It’s a Lonely Life

Keep in mind, you are sole owner and employee. Socially, this is isolating. Yes you’re with your clients, but that doesn't really count. There’s no “water-cooler” conversation, no teamwork. Though difficult times and celebrations, these occur in isolation.

If you do not enjoy the people you currently work with, this may not seem like a big deal. And it may not be, but keep in mind you are looking at an entire career of working alone. And if you do online therapy at home, you are even more alone, and may find yourself craving more human connection. In my opinion, this is the biggest drawback.

There's a special fulfillment of being on a team that working alone just cannot replace. After all, we are social beings wired for connection and working in groups.

You Can Easily Get Stuck

You are your own boss. So who will hold you accountable for getting those notes in within 24 hours of sessions? What will your measure be for whether or not you are doing a good job?

As business owner, there is no one telling you what to do, or how to do it. You make all the decisions yourself. For many, this is overwhelming. For others, they get lazy.

When you are working alone, it becomes much easier to fall into bad habits, after all there's no consequences which often can mean no accountability. Those in private practice should join a therapist consultation group to ensure that you are continuing to grow as both a clinician and a business owner.

Dealing With Competition

There is now serious concern about venture capital funded companies such as BetterHelp and TalkSpace dominating the therapy market. We've never seen so much corporate money being pumped into psychotherapy before. This is concerning for both small group practices and private practices.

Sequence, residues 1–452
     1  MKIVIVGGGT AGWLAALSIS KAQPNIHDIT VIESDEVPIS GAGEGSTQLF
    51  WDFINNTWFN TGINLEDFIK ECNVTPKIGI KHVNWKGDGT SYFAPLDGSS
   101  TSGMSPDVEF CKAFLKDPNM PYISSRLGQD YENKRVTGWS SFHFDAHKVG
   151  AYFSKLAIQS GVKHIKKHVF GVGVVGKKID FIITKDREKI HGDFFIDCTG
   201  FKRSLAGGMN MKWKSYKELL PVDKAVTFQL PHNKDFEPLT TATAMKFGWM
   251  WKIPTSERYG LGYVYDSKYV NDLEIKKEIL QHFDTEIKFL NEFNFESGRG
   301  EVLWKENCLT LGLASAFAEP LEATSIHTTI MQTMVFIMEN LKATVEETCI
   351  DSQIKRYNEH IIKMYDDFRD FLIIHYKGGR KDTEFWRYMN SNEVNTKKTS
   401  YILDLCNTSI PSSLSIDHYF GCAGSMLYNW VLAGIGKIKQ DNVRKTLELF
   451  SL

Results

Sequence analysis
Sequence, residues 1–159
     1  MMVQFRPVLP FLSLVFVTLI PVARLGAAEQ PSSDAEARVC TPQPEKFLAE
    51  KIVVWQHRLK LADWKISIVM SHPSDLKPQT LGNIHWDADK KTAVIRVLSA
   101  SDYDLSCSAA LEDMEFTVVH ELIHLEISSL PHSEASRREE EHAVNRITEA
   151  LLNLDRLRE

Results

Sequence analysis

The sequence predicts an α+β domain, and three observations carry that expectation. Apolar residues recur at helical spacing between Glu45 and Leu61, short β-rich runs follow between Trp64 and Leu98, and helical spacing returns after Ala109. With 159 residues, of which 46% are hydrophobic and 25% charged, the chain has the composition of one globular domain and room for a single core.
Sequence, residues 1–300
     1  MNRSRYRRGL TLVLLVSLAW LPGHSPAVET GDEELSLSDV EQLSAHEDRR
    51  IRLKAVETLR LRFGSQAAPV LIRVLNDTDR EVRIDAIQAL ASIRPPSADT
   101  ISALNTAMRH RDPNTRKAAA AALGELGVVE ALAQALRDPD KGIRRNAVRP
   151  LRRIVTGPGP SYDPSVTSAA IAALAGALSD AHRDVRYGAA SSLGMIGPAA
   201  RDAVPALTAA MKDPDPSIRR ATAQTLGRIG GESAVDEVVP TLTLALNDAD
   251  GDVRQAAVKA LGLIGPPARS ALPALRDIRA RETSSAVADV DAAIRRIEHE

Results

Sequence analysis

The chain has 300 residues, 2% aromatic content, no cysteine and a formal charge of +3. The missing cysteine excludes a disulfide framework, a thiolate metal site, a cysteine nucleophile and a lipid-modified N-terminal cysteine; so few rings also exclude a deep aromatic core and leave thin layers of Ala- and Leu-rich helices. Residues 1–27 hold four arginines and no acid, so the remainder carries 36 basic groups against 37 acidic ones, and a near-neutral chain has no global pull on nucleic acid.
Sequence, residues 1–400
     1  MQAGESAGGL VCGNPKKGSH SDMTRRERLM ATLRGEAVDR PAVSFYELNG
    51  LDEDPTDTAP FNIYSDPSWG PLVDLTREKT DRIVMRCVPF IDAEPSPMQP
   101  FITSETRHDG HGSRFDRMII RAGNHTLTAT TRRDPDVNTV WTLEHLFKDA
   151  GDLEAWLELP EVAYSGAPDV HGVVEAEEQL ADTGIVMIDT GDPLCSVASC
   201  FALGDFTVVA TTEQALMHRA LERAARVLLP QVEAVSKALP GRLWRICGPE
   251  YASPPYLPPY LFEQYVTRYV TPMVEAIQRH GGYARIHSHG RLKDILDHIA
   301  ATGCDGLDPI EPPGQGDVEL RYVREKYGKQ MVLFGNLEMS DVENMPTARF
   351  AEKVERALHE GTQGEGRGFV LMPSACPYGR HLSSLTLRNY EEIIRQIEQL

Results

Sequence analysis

How are you going to compete with these giant companies who dominate advertising and offer services at much cheaper costs? Of course, it can be done. But to be a thriving private practice owner today is more and more starting to look like an entrepreneurial endeavor. Is this something you are willing to sign up for?

Should You Go Into Private Practice?

Now these reasons are not meant to deter anyone from starting their own business, but are only to present the reality on the other side. Private practice gets championed often, and for many it makes a good business. But like everything in life, if it sounds too good to be true, it is. There are always tradeoffs.

Successful business owners are familiar with having to analyze the pros and cons of all decisions. So, if after reading this you are having some ideas and thinking "bring it on," then private practice is probably a good move for you. If this article raised more questions, then I encourage you to seek out more answers.

If the business of private practice is starting to feel overwhelming, consider finding alternative ways to have a thriving career as a therapist. There are many innovative group practices that offer unique benefits while providing rewarding and engaging experiences for their therapists. I know many personally that promote growth and autonomy in your career while also being part of a fulfilling team experience.